• Float Frame

Float frames are designed for artwork that is on canvas and gives the art the illusion of floating inside a picture frame without being bound. This creates an interesting visual detail and a sense of depth to the overall display

  • Canvas Stretching

Stretching a canvas is the most popular way of presenting a piece of canvas art. It consists of pulling the completed canvas around a frame called stretcher bars and securing it tightly to show a flat piece of art. Stretched canvas can vary in size from small 8”x10” to in excess 10’x10’. Canvas does not always have to be a rectangle either, we have stretched canvases in almost every shape and size.

  • Shadowbox

A Shadowbox frame is a deep picture frame used to hold and display items for the owner. Shadowboxes provide the depth needed to frame 3-dimensional items and typically have an interior mat and solid background that highlights the contents. Framing done in this style is typically for wall displays.

  • Float mount

“Float mounting” means that your artwork sits on top of the matting as opposed to being partially covered by the matting or the lip of the frame. When the artwork extends to the edges of its medium, or the artwork has uneven edges this can showcase the texture or shape of the art, enhancing the look.

  • Standard mount

Standard mounts are the most common type of picture framing. Comprised of one frame, one or mats, and a sheet of glazing on top. A very simple style of picture framing that assists in bringing out the beauty

  • Closed corners

Finished or closed corner frames are the ultimate in quality and craftsmanship and are not comparable with cut and joined length moldings that are available in most frame shops. Closed corner frames are the first choice of museums and galleries. Those frames are completed after their basic lengths are assembled and joined together. The completion involves applying further and more intricate craftsmanship and artistry than just putting 4 prefabricated moldings together around the artwork. The finished corner frames have a more significant potential for quality and value. Once joined, closed corner frames are finished in various ways, from carving, application of cast compo, gesso, gilding, staining, and painting. The options to create a one-of-a-kind frame are endless.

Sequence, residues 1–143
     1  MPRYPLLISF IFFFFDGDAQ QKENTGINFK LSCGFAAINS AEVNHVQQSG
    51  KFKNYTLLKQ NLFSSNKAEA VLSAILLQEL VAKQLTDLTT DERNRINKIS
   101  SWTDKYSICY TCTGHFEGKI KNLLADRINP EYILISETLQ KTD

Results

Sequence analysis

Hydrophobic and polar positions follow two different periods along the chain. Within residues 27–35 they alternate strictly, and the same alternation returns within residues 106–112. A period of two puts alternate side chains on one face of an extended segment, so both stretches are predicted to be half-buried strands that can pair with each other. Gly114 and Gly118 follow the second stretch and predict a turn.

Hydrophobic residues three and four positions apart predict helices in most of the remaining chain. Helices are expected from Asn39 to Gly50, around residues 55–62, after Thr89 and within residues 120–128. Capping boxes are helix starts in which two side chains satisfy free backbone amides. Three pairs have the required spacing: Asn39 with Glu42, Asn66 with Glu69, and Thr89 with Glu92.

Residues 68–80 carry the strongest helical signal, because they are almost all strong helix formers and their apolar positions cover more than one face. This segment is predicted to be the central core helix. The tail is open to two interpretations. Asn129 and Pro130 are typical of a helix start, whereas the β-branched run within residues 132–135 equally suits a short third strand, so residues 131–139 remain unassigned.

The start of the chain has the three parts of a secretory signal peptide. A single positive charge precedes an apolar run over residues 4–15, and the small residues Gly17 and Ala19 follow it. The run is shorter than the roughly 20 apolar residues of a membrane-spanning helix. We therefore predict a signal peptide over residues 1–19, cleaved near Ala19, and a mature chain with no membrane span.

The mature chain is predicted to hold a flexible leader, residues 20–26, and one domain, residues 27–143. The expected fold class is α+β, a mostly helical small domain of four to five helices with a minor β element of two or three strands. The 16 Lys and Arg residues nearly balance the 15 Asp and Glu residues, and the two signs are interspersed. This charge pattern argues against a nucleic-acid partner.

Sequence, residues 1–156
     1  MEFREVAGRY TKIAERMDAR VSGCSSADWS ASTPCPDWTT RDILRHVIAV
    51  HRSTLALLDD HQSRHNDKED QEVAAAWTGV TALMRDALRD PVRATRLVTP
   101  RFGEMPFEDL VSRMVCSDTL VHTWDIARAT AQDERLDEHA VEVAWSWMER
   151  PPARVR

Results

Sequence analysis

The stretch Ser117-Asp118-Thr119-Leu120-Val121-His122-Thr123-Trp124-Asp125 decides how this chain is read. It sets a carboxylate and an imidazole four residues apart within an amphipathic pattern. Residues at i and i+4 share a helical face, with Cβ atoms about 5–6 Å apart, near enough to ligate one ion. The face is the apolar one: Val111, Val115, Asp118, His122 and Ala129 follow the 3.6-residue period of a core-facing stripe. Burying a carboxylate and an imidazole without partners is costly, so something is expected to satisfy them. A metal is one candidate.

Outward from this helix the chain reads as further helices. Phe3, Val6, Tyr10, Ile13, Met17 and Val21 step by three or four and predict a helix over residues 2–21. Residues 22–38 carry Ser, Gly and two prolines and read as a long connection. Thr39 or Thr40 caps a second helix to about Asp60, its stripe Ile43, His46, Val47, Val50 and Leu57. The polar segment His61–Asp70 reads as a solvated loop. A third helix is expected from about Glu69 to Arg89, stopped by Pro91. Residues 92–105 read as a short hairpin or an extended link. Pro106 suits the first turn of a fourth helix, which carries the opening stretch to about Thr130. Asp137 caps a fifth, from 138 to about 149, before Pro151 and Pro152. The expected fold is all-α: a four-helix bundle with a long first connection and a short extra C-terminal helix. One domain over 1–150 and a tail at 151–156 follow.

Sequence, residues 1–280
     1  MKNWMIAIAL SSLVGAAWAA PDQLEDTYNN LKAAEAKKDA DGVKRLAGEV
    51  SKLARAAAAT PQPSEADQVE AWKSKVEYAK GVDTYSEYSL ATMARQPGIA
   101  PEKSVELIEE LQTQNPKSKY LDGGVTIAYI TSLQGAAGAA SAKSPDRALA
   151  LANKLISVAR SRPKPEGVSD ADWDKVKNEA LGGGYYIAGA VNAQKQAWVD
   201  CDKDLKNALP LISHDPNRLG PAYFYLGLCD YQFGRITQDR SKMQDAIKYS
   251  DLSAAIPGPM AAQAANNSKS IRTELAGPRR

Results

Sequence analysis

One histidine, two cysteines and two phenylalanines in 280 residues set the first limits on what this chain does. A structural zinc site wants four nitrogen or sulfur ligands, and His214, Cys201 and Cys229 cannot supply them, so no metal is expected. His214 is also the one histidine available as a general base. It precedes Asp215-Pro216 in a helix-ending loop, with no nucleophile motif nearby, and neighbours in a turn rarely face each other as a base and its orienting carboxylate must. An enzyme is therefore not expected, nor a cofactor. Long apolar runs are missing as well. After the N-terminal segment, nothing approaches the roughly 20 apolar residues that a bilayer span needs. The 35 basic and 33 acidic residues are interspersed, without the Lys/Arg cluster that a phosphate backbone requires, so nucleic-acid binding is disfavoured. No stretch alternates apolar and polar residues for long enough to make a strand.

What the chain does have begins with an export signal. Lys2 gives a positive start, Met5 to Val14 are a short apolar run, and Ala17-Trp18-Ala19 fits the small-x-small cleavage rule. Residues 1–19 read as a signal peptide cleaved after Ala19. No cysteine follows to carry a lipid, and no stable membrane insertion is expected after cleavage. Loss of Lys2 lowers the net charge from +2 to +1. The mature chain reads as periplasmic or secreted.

• Fillets

Fillets are decorative elements used in picture framing to a number of different ends. They add interest and detail to any picture framing project and are quite easy to assemble and to put it simply they are thin frames that can be used inside of the molding to add a little extra accent to the frame or can be used on the interior of the matting to accent the artwork. They are a very versatile tool when it comes to the design process with many different pieces of art.

  • Liners

Liners are fabric-covered molding, used inside the outer molding in a frame design. A liner is not completely finished, so it is not used to replace the frame, but to complement it. Liners often are used in place of mats on framed canvas prints or oil paintings that do not require glass or acrylic glazing.
Liners serve much the same visual purpose as a mat, separating the work from its frame.